Did you know that you’re more likely to die from a lightning strike than a shark attack? What about a dog attack? Or even a falling coconut? If you’ve spent any significant time in the ocean, you’ve most likely heard these tidbits regarding a shark’s lethality hundreds of times. But despite that, no words can ever replace an experience, and when you’re out in the water and it’s a little darker than you’d like, and you think you see a shadow or, god forbid, a fin, rest assured that the obscure stat regarding falling coconuts will be the farthest thing from your mind.
On the surface, it may seem that people who spend their time in the ocean would be partial to shark culling as a way to protect themselves and fellow ocean goers. This issue is unfortunately back in the news, especially in Australia, a country that has seen 13 attacks this year and two deaths, the most recent was a man in his 30s passing away following an attack near Coffs Harbour on Australia’s east coast.
Despite this, the sentiment towards shark culling by Australia’s surfing community is almost entirely negative, with the general opinion being that surfers are guests within the shark’s ecosystem and accept the risks that come with that. In 2021, two documentaries have been released, both of which show the strongly anti-shark-culling attitude that is prominent throughout the world’s surfing and ocean-going communities.
Envoy: Shark Cull
Envoy: Shark Cull starts and ends in the same way: with narrator Eric Bana claiming that because sharks cannot speak for themselves, we must be their envoy. This is the mission statement for director Andre Borell’s entire film, which is an investigation into the shark culling policies that have been adopted by the Queensland and New South Wales state governments in relation to shark nets and drum lines. The film showcases an array of spokespeople for the plight of the sharks, from former surfing world champions Layne Beachley and Tom Carroll, to former marine and shark attack survivor Paul de Gelder, and marine activists Madison Stewart and Holly Richmond.
The film is particularly focused on the use of shark nets and drum lines, which according to reports are not only ineffective in deterring sharks, but in fact may bring them closer to shores as they seek the bycatch (smaller marine life) caught by these contraptions. The movie makes an impassioned plea to the state governments to abandon these archaic and almost completely useless methods in favor of a more compassionate approach. In particular, the testimony from de Gelder, who lost an arm and a leg in an attack, is extraordinarily moving, as hearing someone who has suffered from the exact interactions these methods aim to prevent shows a deep level of understanding. This is similar to a film currently being made near Sydney called Pyrophytic, focusing on the plight of shark attack survivor Brett Connellan, who also holds the anti-cull views shown in Envoy.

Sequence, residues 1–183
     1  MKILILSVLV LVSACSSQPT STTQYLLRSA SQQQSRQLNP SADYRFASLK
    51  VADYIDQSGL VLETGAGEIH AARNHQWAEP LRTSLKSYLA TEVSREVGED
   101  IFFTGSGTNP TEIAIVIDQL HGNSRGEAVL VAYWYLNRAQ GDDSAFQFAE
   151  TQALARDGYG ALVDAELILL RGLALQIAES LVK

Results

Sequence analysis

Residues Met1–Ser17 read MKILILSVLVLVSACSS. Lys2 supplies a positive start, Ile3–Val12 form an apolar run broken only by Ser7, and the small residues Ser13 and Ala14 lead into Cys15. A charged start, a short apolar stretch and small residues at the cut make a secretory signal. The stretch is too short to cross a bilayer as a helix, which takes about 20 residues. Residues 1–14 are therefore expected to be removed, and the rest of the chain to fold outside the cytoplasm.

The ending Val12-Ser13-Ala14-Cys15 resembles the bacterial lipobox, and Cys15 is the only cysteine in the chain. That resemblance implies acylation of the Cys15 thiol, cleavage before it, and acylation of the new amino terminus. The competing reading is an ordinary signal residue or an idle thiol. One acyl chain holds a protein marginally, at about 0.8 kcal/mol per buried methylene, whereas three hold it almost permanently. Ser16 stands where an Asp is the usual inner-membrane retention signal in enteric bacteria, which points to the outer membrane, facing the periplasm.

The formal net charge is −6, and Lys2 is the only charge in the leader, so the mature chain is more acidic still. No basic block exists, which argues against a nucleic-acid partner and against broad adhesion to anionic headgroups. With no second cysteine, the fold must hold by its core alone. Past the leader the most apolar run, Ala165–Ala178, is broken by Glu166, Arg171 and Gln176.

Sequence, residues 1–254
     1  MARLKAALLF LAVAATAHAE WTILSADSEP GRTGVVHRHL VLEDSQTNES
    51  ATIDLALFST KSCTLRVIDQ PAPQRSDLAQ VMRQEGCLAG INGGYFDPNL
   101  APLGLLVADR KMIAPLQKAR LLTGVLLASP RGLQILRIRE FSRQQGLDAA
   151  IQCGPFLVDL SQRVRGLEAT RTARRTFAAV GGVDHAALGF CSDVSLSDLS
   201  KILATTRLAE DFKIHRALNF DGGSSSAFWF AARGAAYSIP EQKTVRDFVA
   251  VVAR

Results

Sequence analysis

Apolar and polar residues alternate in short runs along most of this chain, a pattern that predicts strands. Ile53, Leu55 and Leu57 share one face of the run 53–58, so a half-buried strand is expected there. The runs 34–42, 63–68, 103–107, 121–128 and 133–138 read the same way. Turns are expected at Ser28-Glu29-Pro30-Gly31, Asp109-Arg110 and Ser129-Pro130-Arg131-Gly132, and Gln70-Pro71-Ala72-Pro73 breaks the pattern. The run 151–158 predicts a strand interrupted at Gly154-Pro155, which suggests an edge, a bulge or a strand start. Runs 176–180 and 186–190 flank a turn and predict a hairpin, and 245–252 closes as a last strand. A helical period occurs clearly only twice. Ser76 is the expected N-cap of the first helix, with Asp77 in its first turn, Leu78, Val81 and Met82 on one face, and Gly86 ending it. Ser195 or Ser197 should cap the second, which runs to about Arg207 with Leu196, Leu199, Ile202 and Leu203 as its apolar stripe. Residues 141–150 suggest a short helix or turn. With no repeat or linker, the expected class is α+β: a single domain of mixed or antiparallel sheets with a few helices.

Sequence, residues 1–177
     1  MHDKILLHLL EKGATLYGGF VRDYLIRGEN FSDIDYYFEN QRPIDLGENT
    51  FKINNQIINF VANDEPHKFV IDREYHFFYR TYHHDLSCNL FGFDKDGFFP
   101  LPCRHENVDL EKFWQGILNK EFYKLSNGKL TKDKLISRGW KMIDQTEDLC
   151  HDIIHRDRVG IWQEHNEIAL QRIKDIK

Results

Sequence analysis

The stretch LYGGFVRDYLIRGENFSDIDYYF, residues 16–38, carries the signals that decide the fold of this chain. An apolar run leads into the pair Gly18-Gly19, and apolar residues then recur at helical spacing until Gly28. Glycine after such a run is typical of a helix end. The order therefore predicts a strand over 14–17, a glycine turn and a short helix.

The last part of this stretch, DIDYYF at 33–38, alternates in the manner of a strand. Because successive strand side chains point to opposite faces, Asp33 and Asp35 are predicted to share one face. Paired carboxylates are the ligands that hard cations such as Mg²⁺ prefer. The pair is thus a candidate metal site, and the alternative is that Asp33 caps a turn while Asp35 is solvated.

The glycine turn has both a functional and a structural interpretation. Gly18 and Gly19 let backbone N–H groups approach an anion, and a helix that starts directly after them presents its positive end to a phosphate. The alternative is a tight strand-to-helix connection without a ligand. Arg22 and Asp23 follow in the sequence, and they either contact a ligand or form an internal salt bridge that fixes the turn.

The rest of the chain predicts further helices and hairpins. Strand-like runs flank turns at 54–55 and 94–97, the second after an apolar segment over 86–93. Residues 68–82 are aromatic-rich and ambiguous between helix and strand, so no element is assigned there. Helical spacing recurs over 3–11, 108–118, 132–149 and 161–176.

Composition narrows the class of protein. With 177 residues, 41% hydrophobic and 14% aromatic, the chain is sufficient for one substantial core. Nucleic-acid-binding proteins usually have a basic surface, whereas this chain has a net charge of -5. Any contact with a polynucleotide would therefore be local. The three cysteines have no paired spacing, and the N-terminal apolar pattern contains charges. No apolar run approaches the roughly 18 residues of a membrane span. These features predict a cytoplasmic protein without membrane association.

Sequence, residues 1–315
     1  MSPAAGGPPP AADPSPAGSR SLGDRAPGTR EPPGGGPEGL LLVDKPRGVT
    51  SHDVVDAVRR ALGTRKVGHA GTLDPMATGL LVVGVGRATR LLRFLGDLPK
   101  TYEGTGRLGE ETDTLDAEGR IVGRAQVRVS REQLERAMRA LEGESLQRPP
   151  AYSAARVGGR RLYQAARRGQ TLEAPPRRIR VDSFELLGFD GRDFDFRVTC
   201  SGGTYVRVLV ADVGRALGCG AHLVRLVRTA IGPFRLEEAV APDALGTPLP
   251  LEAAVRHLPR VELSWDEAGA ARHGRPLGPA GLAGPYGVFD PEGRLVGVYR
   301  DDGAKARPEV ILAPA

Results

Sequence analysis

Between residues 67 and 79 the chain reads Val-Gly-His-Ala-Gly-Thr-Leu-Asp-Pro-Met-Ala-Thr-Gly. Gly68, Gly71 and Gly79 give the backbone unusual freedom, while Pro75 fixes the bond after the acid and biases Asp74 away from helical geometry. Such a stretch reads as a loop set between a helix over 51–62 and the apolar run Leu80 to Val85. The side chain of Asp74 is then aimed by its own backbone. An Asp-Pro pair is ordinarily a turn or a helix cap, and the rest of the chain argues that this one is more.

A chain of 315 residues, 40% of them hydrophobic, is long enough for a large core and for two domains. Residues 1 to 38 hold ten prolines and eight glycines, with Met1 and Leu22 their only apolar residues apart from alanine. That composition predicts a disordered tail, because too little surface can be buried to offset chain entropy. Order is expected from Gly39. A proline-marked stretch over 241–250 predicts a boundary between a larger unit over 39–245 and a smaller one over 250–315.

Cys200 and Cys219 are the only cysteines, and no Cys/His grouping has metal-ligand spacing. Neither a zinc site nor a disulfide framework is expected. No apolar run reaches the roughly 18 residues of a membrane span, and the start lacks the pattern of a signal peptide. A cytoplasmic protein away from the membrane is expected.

Playing with Sharks
Playing with Sharks is a film that serves two purposes, simultaneously telling the story of renowned ocean conservationist Valerie Taylor, who has dedicated her life to the preservation and protection of sharks, and changing the public perception of the creatures. As it tells Taylor’s story, the film, available on Disney+, shows the true nature of sharks in comparison to that which is often displayed in mainstream media. This dichotomy is central as Taylor and her late husband Ron were involved in the making of the classic film JAWS, before regretting their roles and publicly decrying the viscous nature of sharks in the film as pure fiction.
Playing with Sharks, from Emmy-nominated director Sally Aitken, is one of growth and understanding, and frames the mortality of Taylor as equal to that of the shark population, and once again comes out starkly against shark culling and hunting as both needlessly gruesome and downright unnecessary. Taylor definitely fears that both she and the sharks are running out of time, and this film exists as a plea from her for increased conservation on behalf of the predators.
Ultimately, shark culling is a process that benefits close to no one, and both Envoy and Playing with Sharks desperately try to make viewers understand this and to reconsider the stereotypes that exist around the animals. They show culling to be outdated, detrimental to both people and other marine wildlife, and quite honestly somewhat evil. Because if ten shark-related deaths a year are enough for governments to feel comfortable decimating shark populations, then we may as well start pulling down coconut trees.
Editor’s Note: Learn how to minimize chances of an adverse shark encounter as well as critical information about shark behavior and more during 20-plus video lessons in Ocean Ramsey’s Guide to Sharks and Safety.